PHOENIX, Feb. 22 -- Mike Piazza showed up at the Oakland Athletics' camp early Thursday morning -- the day of the team's first full-squad workout, and six days after its pitchers and catchers reported -- with an enormous green Spalding duffel bag, the kind favored by catchers, slung over his shoulder. Inside it was some catching gear, including five mitts -- three brand-new ones still in their plastic wrap, the other two used, one of which was wrapped tightly with shoelaces to help get it conditioned -- and some bats.
But when Piazza followed his new teammates into the glaring desert sun for the workout, all but the bats stayed behind in his locker. The catching gear was still there, untouched, when the workout ended some four hours later. And it is safe to say Piazza's newest mitts will still be wrapped in plastic when this season ends, if the A's have their way.
Piazza, 38, is beginning his 15th full season in the major leagues, but his first with the A's, his first in the American League and his first as a full-time designated hitter. All of those transitions will take some getting used to for this superstar -- who is, almost without question, the greatest offensive catcher in baseball history -- but none more so than the fact that here, in this camp, on this team, he has no need whatsoever for his beloved catcher's mitts.
It is a notion that Piazza may not be quite ready to accept. Speaking to reporters Thursday afternoon, Piazza in one breath said he was "resigned" to being a full-time DH and that he has to "embrace" it, but in the next breath he admitted: "It's very difficult for me to put the gear on the shelf and just hit. I'm an old catcher at heart." He spoke of getting some innings in behind the plate later in spring training, and attending the catchers' daily meetings during the season.
When the A's signed Piazza this winter to a one-year, $8.5 million contract, they made clear their intentions. Piazza would be expected to replace the departed Frank Thomas as their full-time DH. The job entailed no catching whatsoever -- except, perhaps, in the case of emergency. He could report to camp with the position players, a luxury he quickly accepted because his wife, Alicia, gave birth to their first child, a daughter named Nicoletta, on Feb. 3.
But somewhere between signing and reporting to camp, Piazza forgot about the position switch, or else he began to concoct ever-plausible emergency scenarios in his head in which he would be called upon to catch.
Before heading out to the practice fields Thursday morning, Piazza told new A's manager Bob Geren, "If you need an extra catcher to catch somebody, I'm here for you." But Geren, according to Piazza, politely rejected the offer.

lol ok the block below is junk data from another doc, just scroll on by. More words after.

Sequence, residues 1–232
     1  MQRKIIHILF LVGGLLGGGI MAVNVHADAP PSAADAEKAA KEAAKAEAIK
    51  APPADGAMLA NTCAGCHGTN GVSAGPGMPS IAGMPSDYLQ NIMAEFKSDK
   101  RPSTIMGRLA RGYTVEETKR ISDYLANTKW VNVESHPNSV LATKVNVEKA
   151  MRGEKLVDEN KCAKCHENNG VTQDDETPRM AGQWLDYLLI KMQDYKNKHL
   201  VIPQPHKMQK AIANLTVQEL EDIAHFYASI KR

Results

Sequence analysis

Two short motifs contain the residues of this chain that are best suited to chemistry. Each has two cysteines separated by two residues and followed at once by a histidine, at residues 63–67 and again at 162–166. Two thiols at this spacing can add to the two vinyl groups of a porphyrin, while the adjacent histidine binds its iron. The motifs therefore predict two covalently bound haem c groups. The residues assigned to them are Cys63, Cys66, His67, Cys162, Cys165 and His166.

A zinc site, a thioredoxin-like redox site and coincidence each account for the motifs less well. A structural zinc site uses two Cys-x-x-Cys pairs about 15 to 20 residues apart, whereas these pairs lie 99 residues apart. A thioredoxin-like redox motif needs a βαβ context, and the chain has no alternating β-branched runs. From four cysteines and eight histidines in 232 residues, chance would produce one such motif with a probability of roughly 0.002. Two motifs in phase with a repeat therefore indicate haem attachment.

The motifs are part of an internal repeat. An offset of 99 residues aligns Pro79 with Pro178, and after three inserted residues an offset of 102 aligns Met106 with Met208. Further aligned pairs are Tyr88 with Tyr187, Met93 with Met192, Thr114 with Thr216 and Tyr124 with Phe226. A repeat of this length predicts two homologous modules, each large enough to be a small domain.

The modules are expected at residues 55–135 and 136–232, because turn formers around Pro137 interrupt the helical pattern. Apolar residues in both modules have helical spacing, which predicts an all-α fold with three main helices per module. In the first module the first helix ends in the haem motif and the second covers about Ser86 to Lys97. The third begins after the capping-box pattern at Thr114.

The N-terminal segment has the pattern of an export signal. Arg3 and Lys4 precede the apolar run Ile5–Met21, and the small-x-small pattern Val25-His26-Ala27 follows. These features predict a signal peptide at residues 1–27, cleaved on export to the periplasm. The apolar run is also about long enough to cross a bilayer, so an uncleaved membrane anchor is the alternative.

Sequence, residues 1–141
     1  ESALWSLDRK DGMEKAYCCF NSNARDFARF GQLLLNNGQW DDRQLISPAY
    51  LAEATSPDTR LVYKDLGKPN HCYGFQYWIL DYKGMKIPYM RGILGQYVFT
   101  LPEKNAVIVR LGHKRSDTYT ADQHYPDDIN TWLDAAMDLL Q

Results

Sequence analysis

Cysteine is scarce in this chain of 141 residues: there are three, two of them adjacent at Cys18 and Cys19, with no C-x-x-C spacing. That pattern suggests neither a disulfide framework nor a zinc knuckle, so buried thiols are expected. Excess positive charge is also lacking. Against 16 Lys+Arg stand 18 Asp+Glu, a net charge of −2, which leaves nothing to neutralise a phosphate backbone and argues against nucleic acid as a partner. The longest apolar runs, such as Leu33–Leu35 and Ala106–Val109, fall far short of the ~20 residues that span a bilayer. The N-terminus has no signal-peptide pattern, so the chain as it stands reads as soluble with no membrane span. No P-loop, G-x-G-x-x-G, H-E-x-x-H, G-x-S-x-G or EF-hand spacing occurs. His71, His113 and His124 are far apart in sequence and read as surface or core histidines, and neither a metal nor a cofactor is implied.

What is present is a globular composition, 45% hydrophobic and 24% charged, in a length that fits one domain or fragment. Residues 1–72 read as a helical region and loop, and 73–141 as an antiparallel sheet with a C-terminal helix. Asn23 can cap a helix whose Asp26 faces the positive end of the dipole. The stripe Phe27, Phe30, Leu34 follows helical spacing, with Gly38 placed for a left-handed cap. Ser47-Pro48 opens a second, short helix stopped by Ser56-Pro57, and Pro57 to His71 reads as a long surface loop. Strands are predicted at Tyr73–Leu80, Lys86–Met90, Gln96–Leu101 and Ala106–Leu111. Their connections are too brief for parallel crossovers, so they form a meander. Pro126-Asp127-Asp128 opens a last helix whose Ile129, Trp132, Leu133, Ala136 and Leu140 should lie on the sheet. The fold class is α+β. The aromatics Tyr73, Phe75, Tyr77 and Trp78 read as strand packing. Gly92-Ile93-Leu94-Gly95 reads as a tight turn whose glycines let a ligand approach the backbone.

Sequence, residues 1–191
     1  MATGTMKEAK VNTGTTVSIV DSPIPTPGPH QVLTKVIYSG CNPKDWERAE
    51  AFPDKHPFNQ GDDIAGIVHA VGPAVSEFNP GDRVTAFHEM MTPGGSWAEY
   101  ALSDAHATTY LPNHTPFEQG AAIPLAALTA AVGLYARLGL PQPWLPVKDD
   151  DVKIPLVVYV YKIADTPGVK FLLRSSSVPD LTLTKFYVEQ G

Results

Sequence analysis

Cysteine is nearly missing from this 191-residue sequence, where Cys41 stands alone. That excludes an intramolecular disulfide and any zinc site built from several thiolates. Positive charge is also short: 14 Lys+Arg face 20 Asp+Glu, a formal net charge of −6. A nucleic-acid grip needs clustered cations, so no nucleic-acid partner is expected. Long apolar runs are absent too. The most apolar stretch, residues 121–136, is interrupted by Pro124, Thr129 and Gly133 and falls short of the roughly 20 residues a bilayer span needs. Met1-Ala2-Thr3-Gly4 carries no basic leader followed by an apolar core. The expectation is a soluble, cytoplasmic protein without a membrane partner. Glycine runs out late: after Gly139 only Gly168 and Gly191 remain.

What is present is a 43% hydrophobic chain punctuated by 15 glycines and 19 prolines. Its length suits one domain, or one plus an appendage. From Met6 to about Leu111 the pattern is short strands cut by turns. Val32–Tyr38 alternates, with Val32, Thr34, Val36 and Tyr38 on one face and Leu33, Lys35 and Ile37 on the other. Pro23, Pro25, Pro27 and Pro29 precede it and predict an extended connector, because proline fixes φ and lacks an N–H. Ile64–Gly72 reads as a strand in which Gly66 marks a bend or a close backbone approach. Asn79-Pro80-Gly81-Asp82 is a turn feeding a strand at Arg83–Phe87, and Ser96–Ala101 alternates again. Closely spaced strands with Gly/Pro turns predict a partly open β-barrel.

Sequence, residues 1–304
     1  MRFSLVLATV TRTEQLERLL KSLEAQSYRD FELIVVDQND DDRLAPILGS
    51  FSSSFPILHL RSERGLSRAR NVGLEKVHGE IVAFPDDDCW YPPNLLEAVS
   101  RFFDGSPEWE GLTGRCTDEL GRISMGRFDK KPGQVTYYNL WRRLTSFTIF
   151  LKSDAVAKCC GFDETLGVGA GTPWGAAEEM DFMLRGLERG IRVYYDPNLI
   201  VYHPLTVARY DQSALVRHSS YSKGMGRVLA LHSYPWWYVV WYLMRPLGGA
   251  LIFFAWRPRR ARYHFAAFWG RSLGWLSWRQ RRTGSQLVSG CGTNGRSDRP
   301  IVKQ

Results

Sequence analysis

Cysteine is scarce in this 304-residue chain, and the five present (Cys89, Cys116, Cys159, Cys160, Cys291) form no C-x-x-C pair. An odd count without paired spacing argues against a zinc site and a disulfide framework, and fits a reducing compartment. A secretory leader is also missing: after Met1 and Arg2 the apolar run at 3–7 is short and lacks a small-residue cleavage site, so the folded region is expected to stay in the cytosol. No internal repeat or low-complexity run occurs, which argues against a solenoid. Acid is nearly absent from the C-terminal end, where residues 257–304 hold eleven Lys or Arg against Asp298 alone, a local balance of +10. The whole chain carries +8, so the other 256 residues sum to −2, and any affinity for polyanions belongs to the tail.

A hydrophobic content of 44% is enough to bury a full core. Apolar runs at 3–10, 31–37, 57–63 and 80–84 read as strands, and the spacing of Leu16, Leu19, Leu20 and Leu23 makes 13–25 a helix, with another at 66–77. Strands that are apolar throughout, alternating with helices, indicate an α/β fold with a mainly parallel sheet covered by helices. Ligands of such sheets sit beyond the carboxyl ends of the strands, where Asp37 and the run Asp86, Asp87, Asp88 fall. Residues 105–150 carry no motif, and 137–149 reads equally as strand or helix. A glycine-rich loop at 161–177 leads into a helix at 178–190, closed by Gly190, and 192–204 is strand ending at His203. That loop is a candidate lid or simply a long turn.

"No, we have plenty of guys to catch," Geren said. "Go get yourself ready to hit. We don't want you spraining your thumb or getting hit by a foul tip."
Piazza paused, then added his postscript to the story: "But I'll get in there eventually."
Not according to the A's. They already have an entrenched veteran starting catcher, Jason Kendall, who likes to catch 150 games a year, and a serviceable backup in Adam Melhuse. The A's have no plans to use Piazza at catcher at all in spring training, and in an injury emergency, according to General Manager Billy Beane, they would be more likely to call up a catcher from the minor leagues than to put Piazza behind the plate.
The truth is, Piazza, a 12-time all-star with 419 career homers, was never valued for his defense. He has been followed throughout his career by whispers that he was a liability behind the plate, and talk of moving him to another position -- mostly first base -- is at least a decade old.
Beane, perhaps the best in the business at spotting a bargain, looked at Piazza's numbers from 2006 -- when he had 22 homers and 68 RBI in 399 at-bats for the San Diego Padres, while catching 99 games -- and figured he might be able to approach or duplicate Thomas's fine 2006 season for Oakland (39 homers, 114 RBI), if he was freed of the intensive chores and the body-aching grind of catching.
"He had a good year [in San Diego] as it was," Beane said, "and it could have been an even better year with more at-bats."
Among the practice fields of Papago Park, where fans are virtually unrestrained and mingle among the players as they move from station to station, Piazza was clearly the top attraction. His every move was accompanied by hordes of children and professional autograph seekers. At one point, a fan handed him a baby gift, wrapped in a pink bow, and Piazza accepted it with thanks.
But as the A's catchers warmed up pitchers and performed ball-in-the-dirt blocking drills, Piazza was on another field, taking more batting practice.
"It was weird not being out there blocking balls," Piazza said later.
Plenty of older players have struggled to adjust to the lighter workload of a DH, but it must be particularly difficult for a catcher. No player is more involved with every aspect of the game than a catcher. And no player is less involved than a DH.
"When you catch a good game, you feel like you don't have to get a hit," said Piazza, who frequently served as the DH when his National League teams went to AL stadiums in interleague play. "That's going to be one thing about DH'ing that's frustrating. If you don't swing the bat well, you feel like you're dead weight."
When Piazza left for the day, the duffel bag went with him, loaded down with bats. The catcher's mitts, however, remained in his locker, just a bunch of dead weight.